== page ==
In 2009, Obama’s Department of Homeland Security produced a report that identified white supremacy as the greatest domestic terror threat facing the country. Republicans forced the department to rescind the report because they feared its findings and knew it would make Republicans and their voters look bad. Once Trump got into office, he eliminated the last vestiges of DHS’s monitoring of white nationalist extremism. The wave has risen since.
Trump has also made clear on the rally podium that he supports violence in general, and violence against immigrants specifically:
In the hours since the latest massacres, Trump has made a few perfunctory tweets that barely mentioned the victims. As the bodies were being collected in Texas, he was hanging out at one of his golf clubs, doing a celebrity drop-in at a wedding.
The manifesto attributed to the El Paso killer reads like it could have been delivered by the old man himself. “This attack is a response to the Hispanic invasion of Texas,” it says. It repeats lies about the looming loss of jobs, supposed threat of immigrants voting, and how much worse things are in Europe. It echoes the “Great Replacement” conspiracy theory that underlined the Charlottesville Nazi march two years ago and is a staple of Tucker Carlson’s program.
Nor is it likely a coincidence that the suspect traveled all the way from a Dallas suburb to El Paso—a nine-hour, 650-mile drive—just a few weeks after a congressional delegation visited concentration camps around that city and condemned the conditions there. Trump was reacting in part to that criticism when he bellowed at young congresswomen of color who were on that trip to “go back” to their supposed countries of origin. The resulting Trump rally chant—“send her back!”—was echoed in the manifesto as well.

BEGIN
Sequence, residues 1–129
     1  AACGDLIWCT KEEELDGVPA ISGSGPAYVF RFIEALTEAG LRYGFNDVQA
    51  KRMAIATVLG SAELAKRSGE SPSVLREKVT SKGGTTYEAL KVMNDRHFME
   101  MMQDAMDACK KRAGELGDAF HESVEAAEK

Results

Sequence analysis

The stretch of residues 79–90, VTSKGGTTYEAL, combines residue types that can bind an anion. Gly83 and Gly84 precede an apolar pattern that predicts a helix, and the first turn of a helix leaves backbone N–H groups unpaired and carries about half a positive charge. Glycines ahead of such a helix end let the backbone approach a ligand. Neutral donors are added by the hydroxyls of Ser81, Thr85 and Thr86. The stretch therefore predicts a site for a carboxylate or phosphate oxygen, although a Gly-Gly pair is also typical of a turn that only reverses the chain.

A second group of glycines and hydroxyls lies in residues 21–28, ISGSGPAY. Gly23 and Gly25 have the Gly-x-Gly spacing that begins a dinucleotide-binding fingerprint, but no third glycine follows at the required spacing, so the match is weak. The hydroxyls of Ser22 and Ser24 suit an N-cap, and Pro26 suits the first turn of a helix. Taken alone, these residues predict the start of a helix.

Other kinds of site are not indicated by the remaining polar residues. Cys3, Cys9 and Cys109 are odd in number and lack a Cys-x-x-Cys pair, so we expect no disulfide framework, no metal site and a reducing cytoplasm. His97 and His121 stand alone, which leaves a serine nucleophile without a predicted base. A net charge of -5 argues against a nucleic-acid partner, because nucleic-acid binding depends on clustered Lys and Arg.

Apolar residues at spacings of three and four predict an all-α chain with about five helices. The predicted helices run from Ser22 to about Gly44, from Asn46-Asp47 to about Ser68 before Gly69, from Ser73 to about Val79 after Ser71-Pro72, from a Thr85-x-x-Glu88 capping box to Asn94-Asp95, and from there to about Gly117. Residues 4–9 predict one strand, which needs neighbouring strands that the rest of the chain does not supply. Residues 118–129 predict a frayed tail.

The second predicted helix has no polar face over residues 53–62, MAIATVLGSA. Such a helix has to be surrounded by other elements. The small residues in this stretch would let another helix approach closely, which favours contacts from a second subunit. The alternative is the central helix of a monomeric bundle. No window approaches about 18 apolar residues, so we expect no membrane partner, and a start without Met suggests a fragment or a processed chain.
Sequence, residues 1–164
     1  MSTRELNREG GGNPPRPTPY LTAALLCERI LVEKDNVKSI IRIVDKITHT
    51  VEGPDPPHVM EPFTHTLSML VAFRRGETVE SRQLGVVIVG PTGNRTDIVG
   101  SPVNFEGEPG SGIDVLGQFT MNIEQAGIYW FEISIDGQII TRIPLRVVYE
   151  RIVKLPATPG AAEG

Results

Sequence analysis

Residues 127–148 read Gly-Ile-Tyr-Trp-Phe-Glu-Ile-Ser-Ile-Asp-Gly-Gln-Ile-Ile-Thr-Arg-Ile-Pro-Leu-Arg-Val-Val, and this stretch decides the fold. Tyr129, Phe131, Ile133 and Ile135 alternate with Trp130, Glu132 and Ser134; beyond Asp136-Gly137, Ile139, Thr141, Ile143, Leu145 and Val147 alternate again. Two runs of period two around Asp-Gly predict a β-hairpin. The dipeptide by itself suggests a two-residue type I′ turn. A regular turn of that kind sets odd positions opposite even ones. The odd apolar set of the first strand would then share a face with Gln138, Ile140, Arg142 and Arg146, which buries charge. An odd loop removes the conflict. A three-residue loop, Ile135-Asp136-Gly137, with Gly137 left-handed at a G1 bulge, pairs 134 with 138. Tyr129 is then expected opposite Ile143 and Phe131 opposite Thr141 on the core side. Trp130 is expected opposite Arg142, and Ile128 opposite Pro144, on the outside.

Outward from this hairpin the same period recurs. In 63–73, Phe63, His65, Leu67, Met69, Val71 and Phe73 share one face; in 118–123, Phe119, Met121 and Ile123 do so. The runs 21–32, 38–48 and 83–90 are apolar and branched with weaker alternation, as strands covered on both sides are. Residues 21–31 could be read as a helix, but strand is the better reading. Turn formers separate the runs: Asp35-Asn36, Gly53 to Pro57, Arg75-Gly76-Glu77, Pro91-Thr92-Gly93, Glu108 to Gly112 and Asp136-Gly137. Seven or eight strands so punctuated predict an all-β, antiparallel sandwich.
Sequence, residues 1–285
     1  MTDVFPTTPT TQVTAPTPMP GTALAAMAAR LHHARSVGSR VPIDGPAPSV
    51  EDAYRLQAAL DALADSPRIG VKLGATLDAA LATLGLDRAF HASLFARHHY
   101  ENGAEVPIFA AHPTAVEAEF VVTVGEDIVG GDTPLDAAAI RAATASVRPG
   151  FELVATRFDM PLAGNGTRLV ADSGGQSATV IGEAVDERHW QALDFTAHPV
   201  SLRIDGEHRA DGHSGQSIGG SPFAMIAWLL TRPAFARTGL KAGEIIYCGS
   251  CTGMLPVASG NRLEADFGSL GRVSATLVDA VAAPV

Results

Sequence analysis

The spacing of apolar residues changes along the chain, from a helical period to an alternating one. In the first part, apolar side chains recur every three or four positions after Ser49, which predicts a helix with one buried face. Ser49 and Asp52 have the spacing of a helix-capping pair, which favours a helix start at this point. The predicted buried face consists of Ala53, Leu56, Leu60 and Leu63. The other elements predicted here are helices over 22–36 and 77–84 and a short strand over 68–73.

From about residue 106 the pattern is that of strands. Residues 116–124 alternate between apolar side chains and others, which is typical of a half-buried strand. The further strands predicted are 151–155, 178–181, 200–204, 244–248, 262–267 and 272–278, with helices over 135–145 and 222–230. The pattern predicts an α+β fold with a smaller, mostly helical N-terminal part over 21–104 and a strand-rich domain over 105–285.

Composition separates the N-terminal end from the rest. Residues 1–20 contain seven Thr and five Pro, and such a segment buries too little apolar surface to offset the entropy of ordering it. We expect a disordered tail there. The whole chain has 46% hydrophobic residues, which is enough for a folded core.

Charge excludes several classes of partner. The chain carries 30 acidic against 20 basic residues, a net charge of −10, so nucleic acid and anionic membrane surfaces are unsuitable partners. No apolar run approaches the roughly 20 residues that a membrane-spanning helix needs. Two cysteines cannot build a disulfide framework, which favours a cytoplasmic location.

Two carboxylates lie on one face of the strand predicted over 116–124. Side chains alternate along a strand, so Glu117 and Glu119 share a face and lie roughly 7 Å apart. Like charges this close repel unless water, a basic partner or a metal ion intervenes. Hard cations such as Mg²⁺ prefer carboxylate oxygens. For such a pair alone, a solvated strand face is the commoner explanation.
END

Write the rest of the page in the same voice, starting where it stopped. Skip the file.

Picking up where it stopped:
Republicans have also largely stood alone in their aggressive defense and promotion of the widespread proliferation of guns. That is also a deeply, though not exclusively, white supremacist position, rooted in white fears of blacks and immigrants, as evidenced by how rarely the National Rifle Association’s advocacy extends to nonwhite gun owners.
The trouble for Cruz is that it may be too late to put the genie back into the bottle. With Trump’s election, Republicans had started to all but give up on nonwhite voters, apparently relying on their ongoing efforts to undermine elections and block nonwhite voter participation instead. Out of 279 current Republican governors, members of Congress, and the president and vice president, only 13—less than five percent—aren’t white.
History clearly shows that there is no peaceful white supremacy. There is no segregation without violence. Even the El Paso shooter’s purported manifesto tries to deny, after four pages of detailed plans for mass murder aimed at balkanizing the United States into a series of ethnic enclaves, that he is a white supremacist. (To say otherwise, he notes, quoting the president, would be “fake news.”)
If Cruz really believes that white supremacy has no place in America, he may have to leave his party. Those who remain will have to decide how long they are willing to stand by and tolerate the use of terror as a political tool. The longer the rest of us go without addressing the root political cause, the worse the nightmare grows. More families like Keyla’s will pay the price.
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Jonathan M. Katz is a freelance journalist, author, and national fellow at New America. His next book, Gangsters of Capitalism, will trace the origins and contradictions of American empire. You can find him on Twitter @KatzOnEarth